Le canard au tangor et à la vanille, or “duck” with clementine and vanilla (Réunion)

Réunion is an island on the East coast of Africa, a bit farther away than Madagascar. It is an overseas department of France, so technically a part of France, the EU and the Eurozone. There are two volcanoes and three calderas. The world records for rain in 1 day (over 73 inches or almost 2 m!), and every period from 3 days to 15 days have been recorded on Réunion. The people and culture are quite multiethnic, mixing Europeans, Africans, Indians and Chinese.

Cari (curry) is a typical Réunionnais dish, flavoured with cloves, cinnamon, turmeric and thyme. It is often served with rougail, a fiery chutney-like condiment, and various greens as a side dish. The French cuisine is present in such ingredients as potatoes and artichokes. Both cheese and wine are produced on Réunion, as well. Rice and beans are very popular and lentils are eaten too. Jackfruit and mango are enjoyed both green in savoury dishes and ripe as a sweet fruit. Vanilla is also used in both sweet and savoury dishes.

I’m quite fond of the mock duck I’ve bought in blue jars in Chinatown even when I still lived in Finland. And what would be a better use for it than a sauce with clementines and plenty of vanilla. It was quite nice, not spectacular but also not weird in any way. I imagine I might serve it again for some guests when I wanted to serve something quite unusual (yet tame). I used vanilla powder (which I have a big stash of) instead of vanilla beans. The cute little fruit in the photo are mini mandarins, delicious and also make for great props.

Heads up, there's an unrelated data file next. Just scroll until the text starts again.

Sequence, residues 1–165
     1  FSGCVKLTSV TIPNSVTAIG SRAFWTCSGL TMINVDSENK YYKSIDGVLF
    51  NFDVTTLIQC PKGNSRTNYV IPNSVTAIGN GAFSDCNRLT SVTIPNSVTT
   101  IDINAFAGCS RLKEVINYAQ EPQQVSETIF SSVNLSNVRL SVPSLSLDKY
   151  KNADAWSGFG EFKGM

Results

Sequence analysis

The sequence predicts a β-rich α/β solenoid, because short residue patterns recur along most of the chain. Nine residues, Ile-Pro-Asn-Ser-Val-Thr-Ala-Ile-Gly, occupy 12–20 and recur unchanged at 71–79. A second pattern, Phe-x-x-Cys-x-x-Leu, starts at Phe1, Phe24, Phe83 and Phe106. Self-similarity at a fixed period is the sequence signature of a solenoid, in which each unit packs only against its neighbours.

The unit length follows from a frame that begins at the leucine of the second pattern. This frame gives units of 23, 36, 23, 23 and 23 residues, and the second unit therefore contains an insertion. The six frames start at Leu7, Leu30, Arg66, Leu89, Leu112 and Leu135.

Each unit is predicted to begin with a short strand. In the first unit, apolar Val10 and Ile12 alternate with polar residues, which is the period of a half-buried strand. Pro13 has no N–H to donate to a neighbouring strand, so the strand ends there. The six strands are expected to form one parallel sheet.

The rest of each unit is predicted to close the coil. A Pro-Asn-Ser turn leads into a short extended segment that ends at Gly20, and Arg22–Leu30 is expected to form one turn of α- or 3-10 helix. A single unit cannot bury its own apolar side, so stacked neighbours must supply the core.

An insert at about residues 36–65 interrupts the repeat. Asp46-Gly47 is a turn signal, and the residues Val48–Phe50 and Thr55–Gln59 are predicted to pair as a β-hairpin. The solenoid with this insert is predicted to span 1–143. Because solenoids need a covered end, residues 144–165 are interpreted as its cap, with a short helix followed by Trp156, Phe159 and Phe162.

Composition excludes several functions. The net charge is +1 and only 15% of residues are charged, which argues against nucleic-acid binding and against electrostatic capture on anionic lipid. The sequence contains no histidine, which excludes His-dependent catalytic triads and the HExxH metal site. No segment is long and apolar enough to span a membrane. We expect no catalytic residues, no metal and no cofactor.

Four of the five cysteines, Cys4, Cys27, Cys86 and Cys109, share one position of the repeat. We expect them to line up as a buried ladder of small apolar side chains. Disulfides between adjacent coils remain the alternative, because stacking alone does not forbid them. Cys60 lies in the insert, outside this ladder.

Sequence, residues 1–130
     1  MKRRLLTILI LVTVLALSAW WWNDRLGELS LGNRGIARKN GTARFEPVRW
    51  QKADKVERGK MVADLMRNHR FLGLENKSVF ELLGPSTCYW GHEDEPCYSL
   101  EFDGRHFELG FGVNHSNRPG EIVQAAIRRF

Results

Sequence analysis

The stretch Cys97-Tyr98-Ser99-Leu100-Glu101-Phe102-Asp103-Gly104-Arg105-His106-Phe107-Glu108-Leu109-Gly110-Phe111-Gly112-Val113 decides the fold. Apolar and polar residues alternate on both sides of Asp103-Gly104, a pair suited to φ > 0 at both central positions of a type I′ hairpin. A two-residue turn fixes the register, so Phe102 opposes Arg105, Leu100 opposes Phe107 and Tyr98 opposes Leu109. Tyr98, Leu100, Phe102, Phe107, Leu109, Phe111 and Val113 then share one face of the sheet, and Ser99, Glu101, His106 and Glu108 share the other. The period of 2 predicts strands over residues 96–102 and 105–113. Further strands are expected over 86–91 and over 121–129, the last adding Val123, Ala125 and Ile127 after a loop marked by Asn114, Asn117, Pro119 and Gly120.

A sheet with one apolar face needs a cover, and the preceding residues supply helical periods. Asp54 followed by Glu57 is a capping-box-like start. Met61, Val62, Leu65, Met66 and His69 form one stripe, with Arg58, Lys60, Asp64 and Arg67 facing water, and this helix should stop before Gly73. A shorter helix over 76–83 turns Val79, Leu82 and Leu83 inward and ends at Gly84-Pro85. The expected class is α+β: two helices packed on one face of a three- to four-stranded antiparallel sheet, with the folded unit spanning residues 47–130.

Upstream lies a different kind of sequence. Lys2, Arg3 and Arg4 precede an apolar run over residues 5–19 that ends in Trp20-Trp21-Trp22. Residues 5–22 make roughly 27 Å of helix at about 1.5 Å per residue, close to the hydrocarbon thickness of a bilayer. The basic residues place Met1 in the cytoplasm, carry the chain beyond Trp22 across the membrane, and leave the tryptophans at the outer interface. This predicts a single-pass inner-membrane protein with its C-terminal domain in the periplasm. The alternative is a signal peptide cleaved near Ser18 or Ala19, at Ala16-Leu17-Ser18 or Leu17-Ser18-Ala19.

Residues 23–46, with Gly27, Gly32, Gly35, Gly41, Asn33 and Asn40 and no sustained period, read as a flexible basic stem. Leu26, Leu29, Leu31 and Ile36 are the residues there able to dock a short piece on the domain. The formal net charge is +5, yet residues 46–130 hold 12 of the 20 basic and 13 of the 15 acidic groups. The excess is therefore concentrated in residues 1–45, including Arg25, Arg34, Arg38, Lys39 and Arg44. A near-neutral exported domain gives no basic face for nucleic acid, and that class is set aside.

Le canard au tangor et à la vanille

Le canard au tangor et à la vanille

1.1 lbs/500 g (or two jars) mock duck, or e.g. chicken-style tofu
1 clementine, quartered
juice of 2 clementines
2 vanilla beans, split lengthways
1 onion, finely chopped
1 tomato, chopped
salt and black pepper to taste
oil for frying

Fry the onion in oil until soft but not yet changed color. Add one vanilla bean and the clementine pieces. Simmer for two minutes. Add the tomatoes. Continue cooking, stirring frequently, until the tomatoes begin to break down and release their juices.

Add the clementine juice, the remaining vanilla bean and 1 dl/0.4 cups water. Simmer for two minutes. If you’re using canned mock duck, squeeze as much liquid out of it as possible so that it will absorb as much flavour as possible. Add the “duck” into the pan and simmer for 10-15 minutes more. Serve hot with a green salad. Serves four.

2 Responses to “Le canard au tangor et à la vanille, or “duck” with clementine and vanilla (Réunion)”

  1. 1

    This sounds so interesting. I’ve had mock duck before and quite enjoyed it but never with a sauce like this – I’ll definitely have to keep an eye open for some “duck” and give this a go.

  2. 2

    Thanks, do give it a try. :->

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